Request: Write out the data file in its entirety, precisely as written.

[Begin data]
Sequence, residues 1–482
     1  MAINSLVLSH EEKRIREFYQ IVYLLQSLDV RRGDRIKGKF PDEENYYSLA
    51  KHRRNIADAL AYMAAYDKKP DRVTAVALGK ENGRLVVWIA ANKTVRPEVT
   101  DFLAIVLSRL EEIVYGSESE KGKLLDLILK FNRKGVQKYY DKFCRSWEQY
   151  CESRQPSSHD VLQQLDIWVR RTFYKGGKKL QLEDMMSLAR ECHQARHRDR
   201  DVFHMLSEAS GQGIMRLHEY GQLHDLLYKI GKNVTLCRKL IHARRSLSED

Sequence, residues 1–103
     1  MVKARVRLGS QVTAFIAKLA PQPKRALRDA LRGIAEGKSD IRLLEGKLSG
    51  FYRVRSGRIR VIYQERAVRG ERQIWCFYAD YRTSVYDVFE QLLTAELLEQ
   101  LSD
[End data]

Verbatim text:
Sequence, residues 1–482
     1  MAINSLVLSH EEKRIREFYQ IVYLLQSLDV RRGDRIKGKF PDEENYYSLA
    51  KHRRNIADAL AYMAAYDKKP DRVTAVALGK ENGRLVVWIA ANKTVRPEVT
   101  DFLAIVLSRL EEIVYGSESE KGKLLDLILK FNRKGVQKYY DKFCRSWEQY
   151  CESRQPSSHD VLQQLDIWVR RTFYKGGKKL QLEDMMSLAR ECHQARHRDR
   201  DVFHMLSEAS GQGIMRLHEY GQLHDLLYKI GKNVTLCRKL IHARRSLSED

Sequence, residues 1–103
     1  MVKARVRLGS QVTAFIAKLA PQPKRALRDA LRGIAEGKSD IRLLEGKLSG
    51  FYRVRSGRIR VIYQERAVRG ERQIWCFYAD YRTSVYDVFE QLLTAELLEQ
   101  LSD